Co-dependency was evident and raises key lessons about the nature of care, ‘carers’ suitability and adult and mental health safeguarding. In these DHRs both members of the dyad had care and support needs. For instance, in DHR095, a son battered his disabled mother to death. This complex case had multiple intersecting issues spanning childhood trauma, criminal history, financial problems, physical health issues and problematic substance use. They lived together with mutual caring responsibilities. However, the power within the relationship rested with the son whom services described as ‘difficult’ and ‘aggressive’. The police recorded over 150 incidents with over 60 reported as DVA and flagged as high risk because of the perpetrator’s alcohol and substance misuse. Information was not shared with other agencies. No adult safeguarding or carer’s assessment was undertaken for either party.

Recommendations and learning from adult family DHRs

Over 600 recommendations were made across the 66 adult family DHRs. While recommendations are specific to each agency and local authority involved, many commonalities were found. Many of these centred around well-rehearsed recommendations of increasing training and improving multi-agency working and information sharing. DHRs reinforced the need for greater coordination between those supporting and caring for the perpetrator and those responsible for assessing support for the victim. Over half of DHRs (n=38, 58%) identified the need for specialist mandatory training for frontline practitioners across key agencies focusing on adult family violence as a form of DVA and contributory risk factors. Training or engagement around parental abuse was limited, as was specialist service provision for older children who might be experiencing or perpetrating DVA.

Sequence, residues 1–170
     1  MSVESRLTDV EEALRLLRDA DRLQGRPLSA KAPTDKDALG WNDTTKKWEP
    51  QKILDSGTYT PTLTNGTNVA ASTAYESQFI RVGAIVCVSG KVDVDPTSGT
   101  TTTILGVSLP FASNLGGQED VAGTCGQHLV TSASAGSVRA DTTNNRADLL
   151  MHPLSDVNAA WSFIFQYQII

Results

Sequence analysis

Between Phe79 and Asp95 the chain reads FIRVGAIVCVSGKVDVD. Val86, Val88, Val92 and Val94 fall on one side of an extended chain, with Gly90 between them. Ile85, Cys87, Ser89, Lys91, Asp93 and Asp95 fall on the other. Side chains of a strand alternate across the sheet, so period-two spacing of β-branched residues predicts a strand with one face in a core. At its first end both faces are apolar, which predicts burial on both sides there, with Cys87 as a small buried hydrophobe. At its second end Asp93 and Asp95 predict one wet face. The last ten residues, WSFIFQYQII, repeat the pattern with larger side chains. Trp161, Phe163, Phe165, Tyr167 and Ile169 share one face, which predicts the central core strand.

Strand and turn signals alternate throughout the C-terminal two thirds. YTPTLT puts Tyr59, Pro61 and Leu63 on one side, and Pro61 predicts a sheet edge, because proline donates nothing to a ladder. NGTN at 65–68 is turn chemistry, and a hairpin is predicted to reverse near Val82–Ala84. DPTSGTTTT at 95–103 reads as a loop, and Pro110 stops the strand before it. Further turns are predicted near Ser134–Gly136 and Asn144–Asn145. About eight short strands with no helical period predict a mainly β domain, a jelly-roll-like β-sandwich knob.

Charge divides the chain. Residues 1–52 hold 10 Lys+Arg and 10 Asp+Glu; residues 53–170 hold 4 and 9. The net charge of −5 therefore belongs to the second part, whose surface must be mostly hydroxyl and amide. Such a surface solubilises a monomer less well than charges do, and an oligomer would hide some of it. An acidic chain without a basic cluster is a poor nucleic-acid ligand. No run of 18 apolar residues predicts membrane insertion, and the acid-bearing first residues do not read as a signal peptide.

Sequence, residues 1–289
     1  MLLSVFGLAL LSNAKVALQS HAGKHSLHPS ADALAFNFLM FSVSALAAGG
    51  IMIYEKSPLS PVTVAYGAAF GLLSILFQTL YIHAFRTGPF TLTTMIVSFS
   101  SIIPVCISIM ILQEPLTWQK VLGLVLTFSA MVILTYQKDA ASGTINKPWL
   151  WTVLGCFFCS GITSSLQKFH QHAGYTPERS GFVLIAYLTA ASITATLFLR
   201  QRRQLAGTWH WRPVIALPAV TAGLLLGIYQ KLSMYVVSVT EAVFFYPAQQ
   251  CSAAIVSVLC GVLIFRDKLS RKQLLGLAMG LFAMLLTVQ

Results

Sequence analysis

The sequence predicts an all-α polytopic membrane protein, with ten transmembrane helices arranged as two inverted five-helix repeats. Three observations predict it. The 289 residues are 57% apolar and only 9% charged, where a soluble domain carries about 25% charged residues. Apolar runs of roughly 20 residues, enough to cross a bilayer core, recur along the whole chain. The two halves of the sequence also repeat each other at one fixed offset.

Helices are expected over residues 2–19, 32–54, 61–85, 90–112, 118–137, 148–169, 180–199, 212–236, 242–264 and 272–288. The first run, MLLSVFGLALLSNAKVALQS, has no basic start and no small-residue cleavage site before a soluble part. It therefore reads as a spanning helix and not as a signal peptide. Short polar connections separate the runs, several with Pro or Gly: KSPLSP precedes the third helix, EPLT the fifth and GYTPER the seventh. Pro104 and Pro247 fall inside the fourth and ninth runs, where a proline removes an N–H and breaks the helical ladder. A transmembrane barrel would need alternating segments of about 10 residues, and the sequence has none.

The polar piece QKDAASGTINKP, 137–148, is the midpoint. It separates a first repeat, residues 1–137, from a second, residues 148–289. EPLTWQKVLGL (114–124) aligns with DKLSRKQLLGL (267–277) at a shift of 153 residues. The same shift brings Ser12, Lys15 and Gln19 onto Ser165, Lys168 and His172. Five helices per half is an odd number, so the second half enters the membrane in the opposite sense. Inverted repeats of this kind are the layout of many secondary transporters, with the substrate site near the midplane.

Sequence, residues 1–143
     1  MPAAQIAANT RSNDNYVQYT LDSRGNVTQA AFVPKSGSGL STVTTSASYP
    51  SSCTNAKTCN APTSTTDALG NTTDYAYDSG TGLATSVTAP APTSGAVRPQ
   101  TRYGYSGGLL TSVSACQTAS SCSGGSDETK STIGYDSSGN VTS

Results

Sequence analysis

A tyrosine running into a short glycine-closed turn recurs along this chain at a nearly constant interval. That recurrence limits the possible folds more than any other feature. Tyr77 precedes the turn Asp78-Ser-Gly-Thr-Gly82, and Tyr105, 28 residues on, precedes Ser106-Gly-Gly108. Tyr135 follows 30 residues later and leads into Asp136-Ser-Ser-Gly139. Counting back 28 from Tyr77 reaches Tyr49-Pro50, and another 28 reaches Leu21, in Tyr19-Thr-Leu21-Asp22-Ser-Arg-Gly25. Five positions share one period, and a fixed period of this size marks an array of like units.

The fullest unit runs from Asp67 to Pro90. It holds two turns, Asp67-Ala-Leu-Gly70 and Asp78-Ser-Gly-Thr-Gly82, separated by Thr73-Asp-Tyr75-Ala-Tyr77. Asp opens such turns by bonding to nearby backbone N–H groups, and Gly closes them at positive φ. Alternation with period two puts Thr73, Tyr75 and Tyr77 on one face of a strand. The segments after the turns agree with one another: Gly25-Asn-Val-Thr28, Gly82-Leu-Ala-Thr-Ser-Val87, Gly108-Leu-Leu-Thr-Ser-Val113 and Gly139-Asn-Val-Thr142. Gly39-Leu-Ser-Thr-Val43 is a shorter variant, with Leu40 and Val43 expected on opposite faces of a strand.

DHRs reported a need for enhanced professional curiosity. Often questions were not asked, reports not investigated and information remained unchecked or overlooked. Curiosity should include exploration of the victim–perpetrator relationship. There were also concerns around the degree to which professionals were supervised to foster a culture of professional curiosity. Improved risk assessment was recommended in at least 40 DHRs. These highlight the importance of practitioners having a nuanced understanding of risk, including recognising that carers of close relatives can be abusive. Some DHRs questioned the appropriateness of the DASH risk assessment for adult family violence. Other DHRs recommended that assessments for specialist mental health services included significant others involved in the life of the service user. Sometimes risk to professionals was recognised but not extended to relatives. Professionals failed to recognise the importance of historic abuse, DVA over an extended period or the dynamics when both the victim and perpetrator have displayed mutual violence. DHRs emphasised that risk assessments should be regularly reviewed and considered a fluid ‘ongoing’ process.

Discussion